“I am in agreement with Goethe, who said that every day one ought to ‘hear a little song, read a good poem, see a fine picture, and if it were possible, to speak a few reasonable words’. I would add to this the need to love. Without it, the rest is dust.”
|"The need to love. Without it, the |
rest is dust"
Nineteenth century writer George Sand lived life on her own terms. Born in 1804 in France, she married young, and badly, as they say. After two children and trying to make it work, she separated from her husband, and moved towards a creation of herself that was constantly evolving. She’d already taken a man’s name to publish her works under; and then had affairs with many. She finally settled into a long-term relationship with the composer Chopin. A disagreement over his attitude towards her daughter, hardened her towards him, and the sick composer died not long after.
These are the facts. Elizabeth Berg has fashioned the bare bones of Sand’s remarkable life into a highly readable novel that throws a very human light on the woman behind the fame and the reputation. Written in the first person, Berg creates a credible Sand persona.
The narrative alternates between Nohant, the family home where Sand was brought up in the French countryside under her grandmother’s tutelage, and the years of her adulthood, ranging from Paris, back to Nohant, where Sand lived out her ill-fated marriage and then subsequent years.
|Elizabeth Berg re-imagines the life of |
nineteenth century writer George Sand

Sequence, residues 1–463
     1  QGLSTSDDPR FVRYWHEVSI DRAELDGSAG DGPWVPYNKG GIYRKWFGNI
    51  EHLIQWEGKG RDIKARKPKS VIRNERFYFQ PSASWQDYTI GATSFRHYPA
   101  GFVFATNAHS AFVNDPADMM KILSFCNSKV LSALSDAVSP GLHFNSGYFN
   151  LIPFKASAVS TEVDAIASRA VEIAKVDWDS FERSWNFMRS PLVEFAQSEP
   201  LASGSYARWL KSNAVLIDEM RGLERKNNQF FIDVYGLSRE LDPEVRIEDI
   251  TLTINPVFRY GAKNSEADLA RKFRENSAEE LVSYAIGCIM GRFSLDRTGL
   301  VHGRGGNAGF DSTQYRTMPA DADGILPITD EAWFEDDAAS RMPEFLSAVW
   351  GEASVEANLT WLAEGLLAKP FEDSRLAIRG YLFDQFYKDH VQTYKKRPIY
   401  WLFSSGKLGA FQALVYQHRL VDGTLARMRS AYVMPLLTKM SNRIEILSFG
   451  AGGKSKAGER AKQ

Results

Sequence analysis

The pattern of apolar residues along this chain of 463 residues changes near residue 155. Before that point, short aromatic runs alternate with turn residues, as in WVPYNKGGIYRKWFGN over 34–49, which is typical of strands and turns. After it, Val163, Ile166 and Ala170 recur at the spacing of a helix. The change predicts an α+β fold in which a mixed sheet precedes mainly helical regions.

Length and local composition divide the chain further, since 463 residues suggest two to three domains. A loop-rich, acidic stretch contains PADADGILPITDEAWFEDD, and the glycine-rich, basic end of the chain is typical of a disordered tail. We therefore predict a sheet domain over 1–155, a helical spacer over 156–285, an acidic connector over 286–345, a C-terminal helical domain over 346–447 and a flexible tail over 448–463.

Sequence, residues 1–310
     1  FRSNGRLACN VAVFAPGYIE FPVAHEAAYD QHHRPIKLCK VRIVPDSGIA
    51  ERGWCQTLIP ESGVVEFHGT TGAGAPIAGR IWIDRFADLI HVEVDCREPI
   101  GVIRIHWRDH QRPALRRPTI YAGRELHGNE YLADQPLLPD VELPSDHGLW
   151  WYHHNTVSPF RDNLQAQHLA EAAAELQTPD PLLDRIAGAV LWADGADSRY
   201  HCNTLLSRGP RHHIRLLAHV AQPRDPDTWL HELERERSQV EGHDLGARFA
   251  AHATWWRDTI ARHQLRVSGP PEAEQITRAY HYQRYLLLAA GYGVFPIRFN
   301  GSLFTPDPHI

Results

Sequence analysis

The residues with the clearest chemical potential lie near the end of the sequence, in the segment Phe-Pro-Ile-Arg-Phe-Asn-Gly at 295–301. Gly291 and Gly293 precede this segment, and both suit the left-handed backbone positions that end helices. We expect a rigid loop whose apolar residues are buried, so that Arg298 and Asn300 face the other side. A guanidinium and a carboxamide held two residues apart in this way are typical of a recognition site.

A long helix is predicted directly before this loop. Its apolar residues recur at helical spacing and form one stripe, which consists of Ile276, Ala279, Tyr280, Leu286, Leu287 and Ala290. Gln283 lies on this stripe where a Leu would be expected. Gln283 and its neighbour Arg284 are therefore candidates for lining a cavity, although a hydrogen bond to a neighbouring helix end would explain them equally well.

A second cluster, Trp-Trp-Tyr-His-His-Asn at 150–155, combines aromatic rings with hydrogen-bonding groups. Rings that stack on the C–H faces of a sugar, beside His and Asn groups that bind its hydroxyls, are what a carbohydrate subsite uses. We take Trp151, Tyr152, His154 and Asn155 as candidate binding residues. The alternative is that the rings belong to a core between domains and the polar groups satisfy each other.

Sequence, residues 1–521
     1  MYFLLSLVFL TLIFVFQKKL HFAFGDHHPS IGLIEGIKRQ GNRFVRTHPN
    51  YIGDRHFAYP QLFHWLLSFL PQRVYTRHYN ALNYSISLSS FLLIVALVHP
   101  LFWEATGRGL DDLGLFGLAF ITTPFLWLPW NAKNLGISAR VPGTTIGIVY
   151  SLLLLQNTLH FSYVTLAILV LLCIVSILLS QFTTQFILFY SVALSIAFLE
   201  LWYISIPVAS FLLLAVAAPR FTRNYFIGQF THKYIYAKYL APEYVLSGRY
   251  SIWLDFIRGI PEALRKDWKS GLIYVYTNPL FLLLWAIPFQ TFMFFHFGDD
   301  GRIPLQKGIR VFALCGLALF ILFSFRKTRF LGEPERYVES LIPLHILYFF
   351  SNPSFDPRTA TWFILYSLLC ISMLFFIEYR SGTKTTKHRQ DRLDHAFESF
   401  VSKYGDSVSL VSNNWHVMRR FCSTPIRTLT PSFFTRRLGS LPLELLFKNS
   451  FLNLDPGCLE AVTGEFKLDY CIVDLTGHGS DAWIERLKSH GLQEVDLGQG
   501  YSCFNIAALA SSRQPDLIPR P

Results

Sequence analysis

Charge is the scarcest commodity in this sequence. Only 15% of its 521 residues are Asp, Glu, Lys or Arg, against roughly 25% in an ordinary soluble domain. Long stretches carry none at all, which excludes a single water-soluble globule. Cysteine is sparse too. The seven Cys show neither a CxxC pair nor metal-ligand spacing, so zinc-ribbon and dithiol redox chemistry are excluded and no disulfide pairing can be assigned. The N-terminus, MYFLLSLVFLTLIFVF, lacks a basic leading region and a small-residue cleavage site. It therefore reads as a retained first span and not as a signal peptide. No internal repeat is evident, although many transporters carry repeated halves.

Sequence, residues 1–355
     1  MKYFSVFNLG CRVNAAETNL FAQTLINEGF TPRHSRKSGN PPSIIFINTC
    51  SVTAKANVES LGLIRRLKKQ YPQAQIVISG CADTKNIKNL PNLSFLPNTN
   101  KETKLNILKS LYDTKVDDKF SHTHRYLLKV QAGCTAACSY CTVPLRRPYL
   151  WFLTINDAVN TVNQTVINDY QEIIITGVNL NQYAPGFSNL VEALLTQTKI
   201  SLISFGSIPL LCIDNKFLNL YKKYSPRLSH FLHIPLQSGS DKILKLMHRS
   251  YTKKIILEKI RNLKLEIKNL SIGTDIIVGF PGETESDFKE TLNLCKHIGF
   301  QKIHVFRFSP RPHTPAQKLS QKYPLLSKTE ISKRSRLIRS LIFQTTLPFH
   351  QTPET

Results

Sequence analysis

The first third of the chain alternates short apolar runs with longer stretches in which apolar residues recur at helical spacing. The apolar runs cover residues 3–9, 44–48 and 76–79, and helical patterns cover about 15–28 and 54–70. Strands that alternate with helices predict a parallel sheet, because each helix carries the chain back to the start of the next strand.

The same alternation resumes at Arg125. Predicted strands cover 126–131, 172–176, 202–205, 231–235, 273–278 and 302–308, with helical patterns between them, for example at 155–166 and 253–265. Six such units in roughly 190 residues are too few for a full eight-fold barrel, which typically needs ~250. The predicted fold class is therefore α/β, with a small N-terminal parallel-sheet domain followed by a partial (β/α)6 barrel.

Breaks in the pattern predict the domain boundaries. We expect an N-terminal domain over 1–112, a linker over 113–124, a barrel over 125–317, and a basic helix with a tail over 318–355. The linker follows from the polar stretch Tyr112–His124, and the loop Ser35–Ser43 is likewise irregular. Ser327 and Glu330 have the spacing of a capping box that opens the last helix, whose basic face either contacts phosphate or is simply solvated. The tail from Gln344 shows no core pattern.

It also touches on what Berg suggests was Sand’s great love – for the actress Marie Dorval. In truth this lesbian affair was only rumoured, but Berg imagines the brief affair and the life-long consequences it would have on Sand, with a longing that suffuses the text. Love, and its many nuances framed much of Sand’s life. Referring to Dorval, she writes: “‘Love has given me a new virginity,’ she said from the stage that night, and the line seemed directed at me.” And, “Being loved let me breathe, let me work, let me live.”
And that a nineteenth century not only lived life on her own terms, made an independent and successful living as a writer, and took her love wherever she felt she needed it, is remarkable.
As Sand moves into middle age, the novel loses detail, and fades further as Sand enters old age. The Dream Lover is a beguiling read; full of interesting detail and the novel brings this fascinating character and her world to gentle life.
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